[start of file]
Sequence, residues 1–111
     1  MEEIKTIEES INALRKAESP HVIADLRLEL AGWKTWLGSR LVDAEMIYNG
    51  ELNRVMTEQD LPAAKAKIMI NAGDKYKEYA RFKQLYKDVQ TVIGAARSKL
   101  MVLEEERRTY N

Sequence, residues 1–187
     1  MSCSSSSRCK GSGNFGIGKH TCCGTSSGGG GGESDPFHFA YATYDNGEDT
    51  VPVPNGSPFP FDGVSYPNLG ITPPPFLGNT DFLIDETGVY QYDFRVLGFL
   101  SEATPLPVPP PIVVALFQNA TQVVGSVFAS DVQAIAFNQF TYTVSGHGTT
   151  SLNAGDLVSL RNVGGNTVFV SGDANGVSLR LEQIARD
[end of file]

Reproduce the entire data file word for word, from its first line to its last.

Sequence, residues 1–111
     1  MEEIKTIEES INALRKAESP HVIADLRLEL AGWKTWLGSR LVDAEMIYNG
    51  ELNRVMTEQD LPAAKAKIMI NAGDKYKEYA RFKQLYKDVQ TVIGAARSKL
   101  MVLEEERRTY N

Sequence, residues 1–187
     1  MSCSSSSRCK GSGNFGIGKH TCCGTSSGGG GGESDPFHFA YATYDNGEDT
    51  VPVPNGSPFP FDGVSYPNLG ITPPPFLGNT DFLIDETGVY QYDFRVLGFL
   101  SEATPLPVPP PIVVALFQNA TQVVGSVFAS DVQAIAFNQF TYTVSGHGTT
   151  SLNAGDLVSL RNVGGNTVFV SGDANGVSLR LEQIARD